Current of delta 3 phase balanced power

  • Thread starter david90
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  • #1
david90
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Hi,

Regarding the picture below, the author calculates L1's current with KCL equation IR-IB = L1. Why is the KCL equation not IR+IB = L1 if the voltage of phase B and Phase R at one point during their cycle can be both positive (Assume positive voltage means current go toward the node)? If Phase B and Phase R voltage are positive then their current move in the same direction and thus IR and IB should have the same signage?

https://www.electricaltechnology.org/2014/09/delta-connection-power-voltage-current.html
Screenshot 2023-08-29 231047.png
 

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  • #2
Isn't it just a matter of convention? Picture clearly shows current directions. You could mark IB as going up, that would change all equations, giving IB+IR for L1 (that's assuming I understand correctly what L1 is).

That would also make the system of equations a bit chaotic to my taste though.
 
  • #3
Borek said:
Isn't it just a matter of convention? Picture clearly shows current directions. You could mark IB as going up, that would change all equations, giving IB+IR for L1 (that's assuming I understand correctly what L1 is).

That would also make the system of equations a bit chaotic to my taste though.
How can phase shift of L1 be both IB+IR and IB-IR?
 
  • #4
david90 said:
Regarding the picture below, the author calculates L1's current with KCL equation IR-IB = L1. Why is the KCL equation not IR+IB = L1
The author has clearly chosen the current polarities with the indicated arrows. That's why.

It can be an arbitrary choice, you may choose a different definition. But once the choice is made it must be followed.

There is no requirement that the defined current polarities match the voltage polarities. They can be defined separately, arbitrarily.
 
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  • #5
I agree with DaveE. In order to keep a more clear rule we take R as more than S and S more than T and the direction of current from S to R,from T to S and from R to T.
1693548033334.png
 

Related to Current of delta 3 phase balanced power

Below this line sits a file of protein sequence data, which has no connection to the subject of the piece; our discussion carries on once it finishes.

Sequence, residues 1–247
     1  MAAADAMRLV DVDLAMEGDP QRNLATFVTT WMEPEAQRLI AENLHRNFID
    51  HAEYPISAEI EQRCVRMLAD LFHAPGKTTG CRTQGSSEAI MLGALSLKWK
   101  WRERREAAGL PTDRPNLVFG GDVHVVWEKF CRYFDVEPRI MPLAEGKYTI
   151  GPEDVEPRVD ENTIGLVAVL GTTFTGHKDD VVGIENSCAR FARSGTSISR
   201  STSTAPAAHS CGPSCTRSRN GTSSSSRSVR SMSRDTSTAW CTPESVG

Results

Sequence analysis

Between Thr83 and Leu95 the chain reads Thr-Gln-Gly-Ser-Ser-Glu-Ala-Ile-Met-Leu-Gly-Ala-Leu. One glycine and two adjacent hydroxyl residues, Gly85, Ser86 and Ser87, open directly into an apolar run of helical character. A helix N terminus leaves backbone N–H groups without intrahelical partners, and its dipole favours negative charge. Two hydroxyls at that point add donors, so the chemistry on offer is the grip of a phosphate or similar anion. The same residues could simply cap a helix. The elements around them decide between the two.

What is the current in a delta 3-phase balanced power system?

In a delta 3-phase balanced power system, the line current is √3 times the phase current. This relationship arises because, in a delta configuration, each line current is the vector sum of two phase currents.

How do you calculate the line current in a delta 3-phase balanced power system?

To calculate the line current (I_line) in a delta 3-phase balanced power system, you use the formula: I_line = √3 * I_phase, where I_phase is the phase current. This formula results from the vector addition of the phase currents in the delta configuration.

What is the difference between line current and phase current in a delta 3-phase balanced power system?

In a delta 3-phase balanced power system, the phase current flows through each of the windings of the transformer or the load, while the line current flows in the external circuit connected to the power source. The line current is √3 times the phase current due to the vector addition of the currents in the delta configuration.

Why is the line current higher than the phase current in a delta 3-phase balanced power system?

The line current is higher than the phase current in a delta 3-phase balanced power system because each line current is the vector sum of two phase currents. This results in the line current being √3 times the phase current, reflecting the geometric relationship between the currents in the delta configuration.

How does the power factor affect the current in a delta 3-phase balanced power system?

The power factor affects the current in a delta 3-phase balanced power system by influencing the real power delivered to the load. A lower power factor means more reactive power and higher current for the same amount of real power. The line current calculation still follows the relationship I_line = √3 * I_phase, but the phase current itself will be higher if the power factor is lower.

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